"Old-time preaching" is characterized by its lack of concern for logic. [William H. Pipes in Say Amen, Brother! Old-Time Negro Preaching: A Study in American Frustration, 1951], nevertheless, identifies a recurrent structural pattern in the sermons: (1) an introduction "to establish a common ground of religious feeling" among the audience or to establish rapport between speaker and audience; (2) a "statement of the text," which, of course, is almost always drawn from the Bible; (3) the "body of the sermon," which consists of repeated emotional climaxes; and (4) the conclusion, which resolves the emotional tension aroused by the sermon by drawing the sinners to God. Pipes's framework shows that the traditional Negro sermon, however much it derives its strength from formulaic repetition, is not mere unartistic incoherency. It justifies our treating the sermons—and, by inference, Letter from Birmingham Jail—as an art form.
The Letter is essentially a written sermon that both answers charges and exhorts to action. It is a measure of the artistic control that King exerts over the Letter that he creates a vivid persona aimed at arousing the sympathy of the audience. The ideal "old-time preacher" is a majestic, imposing figure; but King's projection of the image of a meek, suffering prisoner effectively strikes an appropriate rapport with his "audience." He immediately introduces himself, "confined here in the Birmingham city jail." And yet, despite adversity, he is capable of benevolence and generosity toward those eight clergymen, those "men of genuine good will" who have criticized his protest activities; he hopes his answer "will be [in] patient and reasonable terms." He is patient with the slowness the clergymen show in coming to terms with his arguments: "I hope you are able to see the distinction I am trying to point out"; "I must honestly reiterate that I have been disappointed with the church"; "I had hoped that each of you would understand. But again I have been disappointed."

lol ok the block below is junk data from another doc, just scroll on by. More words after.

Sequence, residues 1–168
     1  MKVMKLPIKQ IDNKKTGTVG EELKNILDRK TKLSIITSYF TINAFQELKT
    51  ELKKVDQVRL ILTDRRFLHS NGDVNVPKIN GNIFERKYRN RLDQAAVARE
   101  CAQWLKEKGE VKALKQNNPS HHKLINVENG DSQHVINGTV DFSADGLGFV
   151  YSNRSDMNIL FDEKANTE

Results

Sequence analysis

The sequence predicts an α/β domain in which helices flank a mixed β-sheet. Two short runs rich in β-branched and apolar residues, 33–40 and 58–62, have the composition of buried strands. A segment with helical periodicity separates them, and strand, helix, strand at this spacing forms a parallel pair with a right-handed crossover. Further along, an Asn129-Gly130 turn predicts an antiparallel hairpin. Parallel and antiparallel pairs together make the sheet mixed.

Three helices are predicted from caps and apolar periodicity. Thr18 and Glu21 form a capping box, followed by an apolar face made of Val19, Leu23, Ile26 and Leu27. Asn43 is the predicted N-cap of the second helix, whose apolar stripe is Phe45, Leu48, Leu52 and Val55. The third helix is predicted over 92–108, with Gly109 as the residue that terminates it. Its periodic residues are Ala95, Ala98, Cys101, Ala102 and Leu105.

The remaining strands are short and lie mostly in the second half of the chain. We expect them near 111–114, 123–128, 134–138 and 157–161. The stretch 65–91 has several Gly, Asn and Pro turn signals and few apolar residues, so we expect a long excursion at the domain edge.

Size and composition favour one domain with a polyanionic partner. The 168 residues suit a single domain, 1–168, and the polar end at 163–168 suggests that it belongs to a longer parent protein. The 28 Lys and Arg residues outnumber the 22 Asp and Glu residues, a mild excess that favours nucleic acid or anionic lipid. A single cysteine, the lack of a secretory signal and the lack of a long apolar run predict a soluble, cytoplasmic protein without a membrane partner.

It quickly becomes clear, however, that this understatement is not the sign of an Uncle Tom cringing before his oppressors: it is a calculated rhetorical stance. The Letter is, of course, more than a letter to eight Birmingham clergymen: it is an open letter. King's conciliatory tone—while apparently conceding ground in its humility—is intended to reveal the inhumanity of the clergymen's position and to hold it up to the scorn of those of us who are reading over their shoulders. Against the outrages King so powerfully exposes, the recalcitrance of the eight clergymen reveals them as the true felons for their toleration of evil. Letter from Birmingham Jail transcends the problem of social evil in its very real Christian vision of love and brotherhood. But King's tone here is a rhetorical strategy. Its "inoffensiveness" allows an audience which might not fully sympathize with his program to participate, at least, in his argument—and perhaps unwittingly to share his lofty disdain for the kind of short-sighted criticism of which the audience itself might normally be guilty. King's stance does not hide his rage. By suppressing his personal anger and frustration, and by resisting the human impulse to bombast and diatribe, he has given structure to individual misfortune and achieved a compelling piece of polemic.